After weeks of preparation, I’m now gratified to see our well-stocked pantry that is bursting with homemade items. Jars of strawberry jam, chocolate chip cookies, macadamia nut rusks, fruit-mince at the ready and our fruitcakes silently awaiting December 25th, only being opened every few days to receive a regular shot of brandy. The days are getting longer and increasingly hotter as we count down to Christmas Day; the excitement building all the while.
For many of our guests, especially those from the Northern Hemisphere, the idea of a warm, sunny Christmas is rather a novelty. And although we don’t have snowflakes and fir trees, the charm of spending this special day in the African bush is undeniable. We asked Ludwig von Tonder, our very own Christmas elf at Singita Lebombo Lodge in the Kruger National Park, to take us through the lodge’s preparations leading up to the big day.
As I self-consciously hum Boney M’s White Christmas to get into the spirit of things, I realize that even here, among the thorn trees and rolling grasslands that never see the snow, there is a sense of timeless tradition in our African Christmas.
We prepare for the much-anticipated celebrations of December 25th by polishing the ornaments, dusting the chandeliers and hanging festive decorations. Fruitcakes are being assembled and bejewelled with fresh cherries, the first gift of the season. The fruit is doused with brandy and then used to stud the richly spiced cake which will serve as a delicious tea-time treat well into the new year.
Even here in the relative isolation of the African bush, nature joins in the party by amazing us with the built-in Christmas decorations of the nearby thorn trees. It’s as if the local flora is equally excited for the festive season’s kick-off.
The next few weeks will be filled with the celebration of Christmas traditions from all over the world, as we stockpile the pantries and adorn the lodge with glittering reminders of the spirit of good cheer. Join us throughout December as we share the food, decor and inspiration behind Singita’s uniquely African Christmas.
One of the most remarkable things about Singita Mara River Tented Camp is the exceptional food that is whipped up in the kitchen by our resourceful team of expert chefs. In the Lamai’s hot climate guests are kept cool with light, healthy cuisine conducive to refreshing and re-energising the body. Restorative fresh fruit smoothies, iced Fair Trade coffees and teas, crunchy salads and ethically sourced ingredients, such as organic eggs and grass-fed meat, are the order of the day with luscious desserts and homemade ice-cream adding a touch of sweet decadence.
Chef Donna Patterson, who forms part of the kitchen team at Singita Grumeti, has kindly shared the recipe for her delicious chilled carrot and spicy mango soup. Its bright, zingy flavours and refreshing lightness epitomise the type of beautiful and surprising meals our guests enjoy.
Ingredients – what you need:
1 white onion
5 large carrots
1 red chilli (medium heat)
1 cinnamon stick
1 Tblsp olive oil
2 bay leaves
1 ripe mango
1L mango juice
Mascarpone to garnish
Method – what to do:
Chop the onion, peeled carrots and chilli roughly into equal sizes.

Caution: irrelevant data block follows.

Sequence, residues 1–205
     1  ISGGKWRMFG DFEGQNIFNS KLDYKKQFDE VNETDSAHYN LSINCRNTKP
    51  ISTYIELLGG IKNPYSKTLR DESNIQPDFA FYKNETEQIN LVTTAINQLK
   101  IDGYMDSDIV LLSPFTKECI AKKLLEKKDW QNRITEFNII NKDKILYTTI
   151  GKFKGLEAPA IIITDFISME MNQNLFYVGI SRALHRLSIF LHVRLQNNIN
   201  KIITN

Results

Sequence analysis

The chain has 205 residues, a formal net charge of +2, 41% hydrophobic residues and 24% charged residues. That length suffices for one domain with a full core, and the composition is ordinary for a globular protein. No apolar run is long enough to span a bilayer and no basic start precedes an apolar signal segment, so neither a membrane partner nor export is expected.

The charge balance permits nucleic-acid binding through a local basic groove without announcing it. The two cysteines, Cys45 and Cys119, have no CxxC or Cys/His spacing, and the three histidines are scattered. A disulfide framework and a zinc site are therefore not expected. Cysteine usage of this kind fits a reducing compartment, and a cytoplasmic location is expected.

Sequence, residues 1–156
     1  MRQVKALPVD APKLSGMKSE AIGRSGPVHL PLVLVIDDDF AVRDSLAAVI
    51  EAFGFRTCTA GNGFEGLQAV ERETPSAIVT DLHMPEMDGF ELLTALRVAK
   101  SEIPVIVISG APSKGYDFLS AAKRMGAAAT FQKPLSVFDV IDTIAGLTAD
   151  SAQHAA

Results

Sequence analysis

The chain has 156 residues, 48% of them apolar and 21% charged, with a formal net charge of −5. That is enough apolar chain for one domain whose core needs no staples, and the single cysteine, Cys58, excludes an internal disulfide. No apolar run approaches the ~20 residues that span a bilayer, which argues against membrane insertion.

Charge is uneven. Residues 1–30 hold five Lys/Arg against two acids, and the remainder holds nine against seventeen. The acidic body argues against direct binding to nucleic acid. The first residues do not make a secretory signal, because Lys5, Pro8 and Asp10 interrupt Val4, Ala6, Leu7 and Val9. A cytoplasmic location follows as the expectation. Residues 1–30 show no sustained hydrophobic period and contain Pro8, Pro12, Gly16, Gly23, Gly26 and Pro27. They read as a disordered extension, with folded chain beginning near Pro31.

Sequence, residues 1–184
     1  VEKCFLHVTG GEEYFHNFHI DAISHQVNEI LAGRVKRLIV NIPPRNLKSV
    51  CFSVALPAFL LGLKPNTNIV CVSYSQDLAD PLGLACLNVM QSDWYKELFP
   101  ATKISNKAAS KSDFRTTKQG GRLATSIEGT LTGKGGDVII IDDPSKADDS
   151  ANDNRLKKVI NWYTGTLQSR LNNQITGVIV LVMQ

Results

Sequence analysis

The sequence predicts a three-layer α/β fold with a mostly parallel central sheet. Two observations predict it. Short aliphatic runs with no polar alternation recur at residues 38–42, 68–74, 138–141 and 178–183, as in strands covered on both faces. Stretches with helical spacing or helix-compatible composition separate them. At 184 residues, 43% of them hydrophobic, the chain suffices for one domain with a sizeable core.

In a medium saucepan fry the chopped carrots, onion and chilli for a couple of minutes.
Reduce the heat and add the bay leaves and cinnamon stick lastly cover with the mango juice. Allow the soup to simmer slowly until the carrots are soft.
Blend in an electric processor and strain through a sieve.
Season the soup to taste with salt and white pepper.
Place the soup in the fridge to cool down.
Lastly finely dice the fresh mango and keep refrigerated until serving.
To serve, place the diced mango into the soup and serve in bowls. I like to garnish it with a dollop of mascarpone.
Like the sound of this soup? Why not browse more of Chef Donna’s delightful recipes on the blog. Here’s a handy online volume converter you can use to adjust the metric measurements if necessary.
We are thrilled to share the first pictures from our brand new camp, Singita Mara River Tented Camp, situated in the Lamai triangle, the northernmost tip of the Serengeti National Park in Tanzania. The camp offers a pared-down approach to the quintessential Singita safari without compromising on any creature comforts.
Singita’s philosophy of preserving iconic locations by offering ‘fewer beds in larger areas’ is epitomised by Mara River Tented Camp’s remote position in the Lamai triangle – with only 16 beds surrounded by 98,000 acres of untouched wilderness. It is a wildlife viewing area with abundant year-round concentrations of resident plains game, big cats and elephant in addition to the Mara River’s large populations of crocodile and hippo.
Remote and unspoilt, Singita Mara River Tented Camp has been designed with the growing need for our guests to make an authentic and meaningful connection with nature, that leaves behind a lighter footprint. Close to the ground and off the grid, the concept and design of the camp encourages constant engagement with the wild. Each of the six guest tents offers priceless solitude, peace and sheer luxury of space. Conceptualised and designed by Cécile & Boyd’s, the attention to detail in the camp is breathtaking – arguably our most beautiful interiors yet.